Listen to your heart

Male in cardiac arrest

Heart health is easier when you know your risk

Knowing your risk can save your life. Call 785-505-3636 to schedule a heart risk assessment today. No referral required.


If you are experiencing symptoms of a heart attack, do not delay care. Go to Emergency or call 911.

Listen to your heart

Autumn Bishop, LMH Health

Heart health is at the forefront of many minds year-round, but more so at this time of year. February is American Heart Month, a time when we’re reminded of the importance of focusing on cardiovascular health. 

More than two million men in the United States are affected by heart disease. According to the Centers for Disease Control (CDC), heart disease is the leading cause of death for men, accounting for about 1 in every 4 deaths.

So what is heart disease? It encompasses several conditions, including:

  • Arrhythmia
  • Heart attack
  • Heart failure
  • Hypertension
  • Stroke

Dr. Michael Zabel, a cardiologist with Cardiovascular Specialists of Lawrence, said men should be mindful about the things that increase their higher risk of developing heart disease.

Know the five risk factors

“There are five – I call them the Big Five – risk factors for heart disease: family history – having a first-degree relative who developed heart disease before age 60, smoking, high blood pressure, diabetes and elevated cholesterol,” he said.

What can men do to reduce their risk? Dr. Zabel said that while you can’t change your family history, you can modify or eliminate others.

“Regular exercise and eating a low-fat, low-cholesterol diet can help lower your risk,” he said. “Some people with risk factors will need medications – not always, but frequently. Keeping all of these factors under control doesn’t eliminate your risk, but it can significantly reduce it.”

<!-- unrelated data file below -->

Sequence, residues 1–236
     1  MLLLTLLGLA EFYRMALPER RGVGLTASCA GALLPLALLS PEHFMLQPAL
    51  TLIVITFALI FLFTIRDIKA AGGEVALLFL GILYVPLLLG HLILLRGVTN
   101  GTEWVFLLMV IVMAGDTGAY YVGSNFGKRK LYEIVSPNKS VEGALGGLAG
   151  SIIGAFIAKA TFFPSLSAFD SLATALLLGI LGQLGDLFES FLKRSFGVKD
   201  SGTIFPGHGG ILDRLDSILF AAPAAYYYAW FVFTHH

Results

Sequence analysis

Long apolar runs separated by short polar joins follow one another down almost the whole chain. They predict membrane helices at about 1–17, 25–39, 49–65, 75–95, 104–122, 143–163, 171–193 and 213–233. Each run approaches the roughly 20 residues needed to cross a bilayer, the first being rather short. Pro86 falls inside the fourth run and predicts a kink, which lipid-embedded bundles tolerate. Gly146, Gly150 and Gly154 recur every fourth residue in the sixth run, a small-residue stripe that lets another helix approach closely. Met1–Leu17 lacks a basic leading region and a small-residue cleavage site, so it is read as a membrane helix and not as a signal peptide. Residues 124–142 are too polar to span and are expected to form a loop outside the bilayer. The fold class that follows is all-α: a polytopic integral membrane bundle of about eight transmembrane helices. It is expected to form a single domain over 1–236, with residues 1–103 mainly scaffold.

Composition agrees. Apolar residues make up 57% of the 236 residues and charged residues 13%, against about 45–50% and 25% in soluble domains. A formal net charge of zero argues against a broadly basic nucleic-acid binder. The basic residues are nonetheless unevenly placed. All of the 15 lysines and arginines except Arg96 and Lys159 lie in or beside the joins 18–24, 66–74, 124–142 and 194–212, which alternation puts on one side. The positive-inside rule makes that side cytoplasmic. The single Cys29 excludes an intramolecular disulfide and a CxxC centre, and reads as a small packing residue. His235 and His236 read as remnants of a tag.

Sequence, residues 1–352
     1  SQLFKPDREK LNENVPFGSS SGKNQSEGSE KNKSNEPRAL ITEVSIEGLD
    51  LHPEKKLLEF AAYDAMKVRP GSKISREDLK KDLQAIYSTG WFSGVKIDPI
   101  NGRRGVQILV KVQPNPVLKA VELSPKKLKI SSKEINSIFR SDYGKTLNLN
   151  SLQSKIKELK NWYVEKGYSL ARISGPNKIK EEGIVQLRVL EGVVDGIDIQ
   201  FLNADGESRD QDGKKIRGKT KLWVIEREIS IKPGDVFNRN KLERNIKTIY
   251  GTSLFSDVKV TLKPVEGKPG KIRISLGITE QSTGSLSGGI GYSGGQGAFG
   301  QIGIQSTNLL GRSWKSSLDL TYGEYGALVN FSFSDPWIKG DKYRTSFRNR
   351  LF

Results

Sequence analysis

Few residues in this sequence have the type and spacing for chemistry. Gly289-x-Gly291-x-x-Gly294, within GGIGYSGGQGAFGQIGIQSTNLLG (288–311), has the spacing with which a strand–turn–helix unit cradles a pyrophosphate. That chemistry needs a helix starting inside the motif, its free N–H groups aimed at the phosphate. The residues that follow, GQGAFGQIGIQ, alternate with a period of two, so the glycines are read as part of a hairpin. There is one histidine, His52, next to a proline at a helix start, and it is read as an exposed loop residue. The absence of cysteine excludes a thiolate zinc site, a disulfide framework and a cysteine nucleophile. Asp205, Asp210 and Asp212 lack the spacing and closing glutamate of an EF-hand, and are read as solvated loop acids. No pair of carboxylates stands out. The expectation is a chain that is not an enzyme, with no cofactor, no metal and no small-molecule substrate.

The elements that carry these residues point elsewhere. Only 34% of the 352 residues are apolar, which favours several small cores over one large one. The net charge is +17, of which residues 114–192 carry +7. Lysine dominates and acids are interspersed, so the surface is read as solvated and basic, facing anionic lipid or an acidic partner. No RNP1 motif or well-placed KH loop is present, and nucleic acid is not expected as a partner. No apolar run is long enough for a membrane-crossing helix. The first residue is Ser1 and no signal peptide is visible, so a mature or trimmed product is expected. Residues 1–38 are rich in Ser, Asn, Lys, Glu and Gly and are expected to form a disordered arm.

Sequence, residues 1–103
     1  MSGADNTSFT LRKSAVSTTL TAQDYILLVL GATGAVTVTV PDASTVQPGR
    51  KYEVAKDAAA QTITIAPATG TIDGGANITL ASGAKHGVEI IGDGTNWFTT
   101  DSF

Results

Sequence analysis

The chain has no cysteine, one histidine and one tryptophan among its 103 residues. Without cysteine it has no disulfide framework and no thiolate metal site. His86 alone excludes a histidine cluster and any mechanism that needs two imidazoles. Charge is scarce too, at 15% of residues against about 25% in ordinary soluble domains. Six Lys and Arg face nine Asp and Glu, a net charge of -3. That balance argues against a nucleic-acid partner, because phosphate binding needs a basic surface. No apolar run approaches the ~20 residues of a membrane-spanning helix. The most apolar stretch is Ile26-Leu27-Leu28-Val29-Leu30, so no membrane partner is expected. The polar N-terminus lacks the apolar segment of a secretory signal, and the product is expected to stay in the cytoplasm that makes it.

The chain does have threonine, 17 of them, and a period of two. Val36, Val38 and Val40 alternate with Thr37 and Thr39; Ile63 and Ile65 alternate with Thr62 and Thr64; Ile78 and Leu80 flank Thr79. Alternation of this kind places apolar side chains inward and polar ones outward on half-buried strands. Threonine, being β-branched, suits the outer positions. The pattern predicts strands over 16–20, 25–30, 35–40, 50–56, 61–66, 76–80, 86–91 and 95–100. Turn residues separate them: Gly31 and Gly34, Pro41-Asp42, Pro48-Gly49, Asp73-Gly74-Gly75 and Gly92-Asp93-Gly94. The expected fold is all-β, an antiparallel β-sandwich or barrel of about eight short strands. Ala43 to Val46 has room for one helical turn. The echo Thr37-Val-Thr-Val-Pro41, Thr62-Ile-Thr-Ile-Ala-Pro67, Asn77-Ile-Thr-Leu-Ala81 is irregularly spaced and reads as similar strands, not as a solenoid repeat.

Watch for signs and symptoms

Even if you don’t think you’re at risk for heart disease, it’s important to know the signs and symptoms.

“The main symptom to be on the lookout for is chest discomfort. It’s not generally pain like someone poking you in the chest with a sharp stick,” Dr. Zabel said. “It’s more of a pressure sensation, squeezing or burning – anywhere between the nose and navel. It’s particularly important for you to seek help if it’s associated with shortness of breath, nausea or feeling faint.”

Other symptoms to watch for include weakness and extreme fatigue, a rapid or irregular heartbeat, dizziness, indigestion and heartburn. If you experience these symptoms, seek help immediately. Don’t risk riding out a heart attack at home – even during the COVID pandemic.

Don't delay care due to COVID-19

During the early days of the pandemic, studies showed large decreases in visits to hospital emergency departments. Nationally between March and June 2020, visits decreased by 30 percent while at the same time, deaths increased by 30 percent.

“People who would have normally gone to the emergency department but didn’t because they were worried about getting COVID – may have died at home,” said Dr. Zabel. “Our ED staff is wonderful with their care and techniques. The risk of an individual coming into the ED and getting COVID because of that visit is extremely small.”

He also said that heart failure patients, particularly those with a history or frequent exacerbations and know that they need to come in, may postpone because they’re afraid of contracting COVID.

“Patients who wait to come in may land in the ICU when they wouldn’t have if they’d come in earlier. In some cases, they might not have needed to be admitted at all,” Dr. Zabel said. “If you’re having symptoms that could be a heart attack or heart failure, don’t hesitate to come to the emergency department and get evaluated. Your chances of having a complication from riding that out at home are much higher. We’re here and will care for you safely when you need us.”

Does Medicare cover the cost of heart disease screening?

Yes. Medicare covers the costs for heart disease screening tests and behavioral therapy for cardiovascular disease. Know your numbers and identify your risk factors so you can make healthy lifestyle choices.

Here are a few tools to get you started:


Autumn Bishop is the marketing communications manager at LMH Health.